The marvel behind the new Ms. Marvel
When Sana Amanat, the American-born daughter of Pakistani parents, was growing up, she scanned the pages of her beloved comic books for someone who looked like herself. She failed to find any such creation.
This was something that Amanat remembered well when she grew up and wound up working for Marvel Comics as an editor after graduating from Columbia University’s Barnard College.
“I loved Marvel growing up but I never thought I’d get a job there,” she told Super on the phone from Singapore. “I just had a natural connection to the job.”
Amanat had been working on the “Captain Marvel” title, which featured Carol Danvers, the mighty superhero formerly known as Ms. Marvel. In her head, Amanat had been constructing a new character of her own, one very different from what Marvel featured at the time, but one very familiar to her.
It was Marvel creative genius Stan Lee who first said “the Marvel Universe is the universe outside your window.” Amanat wanted a hero who belonged to her part of the universe, and she fleshed out the character with the help of editor Stephen Wacker and writer G. Willow Wilson.
Thus was born Kamala Khan, a Muslim Pakistani- American teenager from New Jersey, just an ordinary girl who gets exposed to the Terrigen Mists, turning her into an Inhuman with size-shifting powers.
Inspired by her idol, the original Ms. Marvel, she takes on the mantle as the new Ms. Marvel, with Kamala debuting in “Captain Marvel” # 14 in 2013 but soon headlining her own title, “Ms. Marvel” the next year.
The title proved both a commercial and critical hit, thanks to the creative team of Wilson and artist Adrian Alphona. It is notable that Kamala shares the same background as Amanat.
“It’s been incredible,” she said of the way Kamala has been embraced by readers. “She’s grown so much in the last four years and the diversity of our fanbase alone is so impressive. They all love Ms. Marvel. It goes to show we have a really great story with great creators.” Ms. Marvel has gone on to join Marvel’s premiere super team, the Avengers, and even made the jump to animation on “Avengers: Secret Wars.”
“Ms. Marvel” is well-written and winning, authentic and fantastic. Part of what has made Ms. Marvel so popular is her wry yet tentative, devoted yet careful personality on display as she navigated the halls of Coles Academic High School with her friends.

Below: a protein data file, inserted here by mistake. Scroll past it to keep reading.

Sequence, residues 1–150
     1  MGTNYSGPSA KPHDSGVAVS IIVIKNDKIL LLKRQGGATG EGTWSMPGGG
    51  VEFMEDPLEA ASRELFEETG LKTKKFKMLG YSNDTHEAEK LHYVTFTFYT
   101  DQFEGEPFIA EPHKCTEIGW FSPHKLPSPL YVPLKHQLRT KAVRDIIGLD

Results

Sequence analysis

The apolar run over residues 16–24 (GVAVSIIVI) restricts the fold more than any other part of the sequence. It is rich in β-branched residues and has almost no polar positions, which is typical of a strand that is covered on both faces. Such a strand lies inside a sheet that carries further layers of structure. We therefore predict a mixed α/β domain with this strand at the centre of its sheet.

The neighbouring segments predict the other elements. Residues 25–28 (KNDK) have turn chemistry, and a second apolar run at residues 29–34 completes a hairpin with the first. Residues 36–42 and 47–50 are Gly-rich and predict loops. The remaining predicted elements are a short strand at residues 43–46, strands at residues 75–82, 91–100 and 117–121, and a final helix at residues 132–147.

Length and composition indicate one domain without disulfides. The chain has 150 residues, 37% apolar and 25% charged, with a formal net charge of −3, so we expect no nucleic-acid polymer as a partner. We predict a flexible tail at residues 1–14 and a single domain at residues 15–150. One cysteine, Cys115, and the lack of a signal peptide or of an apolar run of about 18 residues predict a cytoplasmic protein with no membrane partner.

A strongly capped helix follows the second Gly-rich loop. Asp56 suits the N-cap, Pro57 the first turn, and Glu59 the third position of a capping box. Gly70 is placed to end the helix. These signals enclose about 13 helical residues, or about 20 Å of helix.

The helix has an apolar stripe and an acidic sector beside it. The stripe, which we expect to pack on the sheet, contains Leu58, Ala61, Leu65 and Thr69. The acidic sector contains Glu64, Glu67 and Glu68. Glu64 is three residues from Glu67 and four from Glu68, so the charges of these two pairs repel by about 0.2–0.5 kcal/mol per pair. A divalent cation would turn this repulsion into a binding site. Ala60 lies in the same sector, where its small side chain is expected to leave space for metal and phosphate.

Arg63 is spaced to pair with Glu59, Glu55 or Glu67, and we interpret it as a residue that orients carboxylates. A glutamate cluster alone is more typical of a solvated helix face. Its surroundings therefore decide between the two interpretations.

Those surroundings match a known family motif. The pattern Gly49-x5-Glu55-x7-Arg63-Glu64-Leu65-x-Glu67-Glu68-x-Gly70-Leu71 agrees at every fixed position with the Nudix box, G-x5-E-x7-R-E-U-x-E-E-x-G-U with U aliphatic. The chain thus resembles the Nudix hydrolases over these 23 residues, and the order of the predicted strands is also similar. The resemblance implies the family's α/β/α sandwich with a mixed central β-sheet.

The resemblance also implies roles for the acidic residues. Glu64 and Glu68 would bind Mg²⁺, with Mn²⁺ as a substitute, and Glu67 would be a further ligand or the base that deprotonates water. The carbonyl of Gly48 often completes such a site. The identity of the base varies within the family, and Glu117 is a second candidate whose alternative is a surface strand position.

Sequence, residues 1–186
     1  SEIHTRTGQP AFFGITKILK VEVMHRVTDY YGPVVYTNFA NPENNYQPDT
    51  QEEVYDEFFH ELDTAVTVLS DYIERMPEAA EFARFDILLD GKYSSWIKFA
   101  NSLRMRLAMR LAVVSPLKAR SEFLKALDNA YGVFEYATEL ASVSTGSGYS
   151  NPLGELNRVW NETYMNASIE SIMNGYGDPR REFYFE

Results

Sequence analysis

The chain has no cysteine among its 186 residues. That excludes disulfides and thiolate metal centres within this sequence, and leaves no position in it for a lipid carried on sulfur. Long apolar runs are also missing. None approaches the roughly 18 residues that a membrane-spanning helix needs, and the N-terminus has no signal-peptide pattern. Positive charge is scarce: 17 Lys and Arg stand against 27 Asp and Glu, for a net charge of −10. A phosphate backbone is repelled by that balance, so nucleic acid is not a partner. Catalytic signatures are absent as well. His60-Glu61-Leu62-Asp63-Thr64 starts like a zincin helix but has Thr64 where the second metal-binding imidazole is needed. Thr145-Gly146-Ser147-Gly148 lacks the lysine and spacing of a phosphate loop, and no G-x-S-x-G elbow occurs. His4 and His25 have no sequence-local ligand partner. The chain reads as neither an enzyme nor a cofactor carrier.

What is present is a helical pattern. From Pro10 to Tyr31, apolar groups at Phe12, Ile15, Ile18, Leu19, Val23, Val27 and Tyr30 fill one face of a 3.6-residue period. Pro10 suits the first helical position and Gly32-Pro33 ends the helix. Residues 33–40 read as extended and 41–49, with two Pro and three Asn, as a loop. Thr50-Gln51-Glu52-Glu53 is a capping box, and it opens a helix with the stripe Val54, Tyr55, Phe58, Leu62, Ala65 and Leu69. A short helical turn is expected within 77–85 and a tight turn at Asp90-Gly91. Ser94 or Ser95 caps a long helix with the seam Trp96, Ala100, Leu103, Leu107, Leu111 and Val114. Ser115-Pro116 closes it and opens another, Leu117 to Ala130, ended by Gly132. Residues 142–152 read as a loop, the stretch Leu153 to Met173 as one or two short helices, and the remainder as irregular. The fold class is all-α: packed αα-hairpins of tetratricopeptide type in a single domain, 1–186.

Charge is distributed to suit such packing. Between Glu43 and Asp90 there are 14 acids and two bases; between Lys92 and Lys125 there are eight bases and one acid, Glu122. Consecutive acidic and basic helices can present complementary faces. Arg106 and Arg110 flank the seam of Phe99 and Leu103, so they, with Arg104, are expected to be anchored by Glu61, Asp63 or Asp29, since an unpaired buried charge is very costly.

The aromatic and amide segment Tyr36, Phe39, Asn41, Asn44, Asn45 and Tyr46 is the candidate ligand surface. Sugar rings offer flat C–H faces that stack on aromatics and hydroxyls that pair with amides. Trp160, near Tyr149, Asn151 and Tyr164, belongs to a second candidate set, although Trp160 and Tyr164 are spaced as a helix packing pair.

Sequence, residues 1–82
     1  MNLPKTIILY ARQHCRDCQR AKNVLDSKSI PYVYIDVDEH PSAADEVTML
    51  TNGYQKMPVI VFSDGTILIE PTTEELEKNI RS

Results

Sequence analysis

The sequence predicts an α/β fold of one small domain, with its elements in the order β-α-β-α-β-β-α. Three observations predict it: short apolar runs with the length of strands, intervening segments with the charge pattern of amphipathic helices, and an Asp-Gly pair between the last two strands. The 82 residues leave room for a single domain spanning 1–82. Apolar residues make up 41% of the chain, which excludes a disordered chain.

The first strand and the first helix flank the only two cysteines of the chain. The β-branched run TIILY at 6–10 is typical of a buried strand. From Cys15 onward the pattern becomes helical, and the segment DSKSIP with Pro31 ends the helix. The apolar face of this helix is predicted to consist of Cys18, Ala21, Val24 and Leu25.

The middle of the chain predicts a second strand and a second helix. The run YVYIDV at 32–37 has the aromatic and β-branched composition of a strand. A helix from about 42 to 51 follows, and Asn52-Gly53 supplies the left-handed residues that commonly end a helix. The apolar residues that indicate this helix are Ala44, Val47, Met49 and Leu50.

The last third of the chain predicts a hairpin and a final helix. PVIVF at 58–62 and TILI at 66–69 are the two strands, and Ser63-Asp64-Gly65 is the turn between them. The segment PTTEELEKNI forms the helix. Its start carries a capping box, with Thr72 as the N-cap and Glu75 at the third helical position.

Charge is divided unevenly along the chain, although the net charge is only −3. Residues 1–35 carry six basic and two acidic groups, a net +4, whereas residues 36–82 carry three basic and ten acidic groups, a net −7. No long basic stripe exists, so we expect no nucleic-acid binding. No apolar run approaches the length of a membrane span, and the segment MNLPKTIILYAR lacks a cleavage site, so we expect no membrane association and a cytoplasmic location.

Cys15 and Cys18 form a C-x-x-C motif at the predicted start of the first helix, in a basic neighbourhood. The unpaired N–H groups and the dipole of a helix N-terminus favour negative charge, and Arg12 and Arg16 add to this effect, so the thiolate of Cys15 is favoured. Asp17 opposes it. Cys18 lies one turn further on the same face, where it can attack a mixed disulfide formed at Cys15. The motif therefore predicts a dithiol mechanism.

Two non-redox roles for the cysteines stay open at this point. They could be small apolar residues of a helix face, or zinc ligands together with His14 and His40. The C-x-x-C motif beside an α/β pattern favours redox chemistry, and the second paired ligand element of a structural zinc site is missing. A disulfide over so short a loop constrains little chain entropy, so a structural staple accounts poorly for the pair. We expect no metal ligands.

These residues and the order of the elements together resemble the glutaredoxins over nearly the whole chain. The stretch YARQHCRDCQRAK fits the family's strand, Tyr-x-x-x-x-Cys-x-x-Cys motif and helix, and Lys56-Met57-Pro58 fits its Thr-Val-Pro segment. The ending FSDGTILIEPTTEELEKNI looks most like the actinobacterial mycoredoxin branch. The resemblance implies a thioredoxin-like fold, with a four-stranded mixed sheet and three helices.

As she came into her powers, Kamala dealt with the life of a fledgling superhero, all of these inviting comparisons to Marvel’s premiere young hero, Peter Parker. She’s geeky but also aware of her responsibilities.
“What we try to do is create what is very much a coming-of-age story yet different from much of Marvel content,” she said of the comparison. “It’s really YA (young adult) action and I loved these kinds of stories.”
Amanat is part of a generation of creative talent at Marvel that has worked toward a greater diversity in terms of characters and stories. It is not a coincidence that during Amanat’s time at Marvel, there has been a female Thor (Jane Foster); an Asian-American Hulk (Amadeus Cho); a Hispanic Spider-Man (Miles Morales); a female Iron Man (Riri Williams); and a black Captain America (Sam Wilson).
“We’ve accomplished quite a bit, but we have a ways to go,” she said. “We have to promote the diverse characters across the platforms in different formats. We are bringing in creators of different backgrounds to tell stories from a different point of view, particularly the minority characters.”
Today, Amanat gets to continue this mission as Marvel’s director of content and character development. She’s raring to push the envelope.
“As we expand our audience, we want to bring in different creators,” she explained. “How about a disabled superhero, or one who is trans? What’s that like? But we need the right voices. Our gates are open but we need to do it right.”
She loves that there’s so much talent out there self-publishing their work as well as those being discovered by initiatives like her own at Marvel.
“It’s a great thing for us because it allows us to find the creators. I hope that the fact there is more content means more people will find comic books. Celebrate the characters you love, write big, bombastic stories. It’s a really interesting art form for any generation. We’re now introducing it to the kids, to get them into visual storytelling.”
This means getting them to read great titles like “Ms. Marvel” through singles, trade paperback collections or through animation. She even has her own 6-inch action figure as part of the Marvel 6-Inch Legends Series from Hasbro.
Amid all this, Sana Amanat has never lost her love for the medium or her amazement at being able to do all this at Marvel, the company that made the comics she read growing up. She understands that her participation is part of what makes Marvel amazing as well.
“I feel really lucky working with Marvel and the people I work with, especially considering the number of people you can reach through Marvel Comics.”
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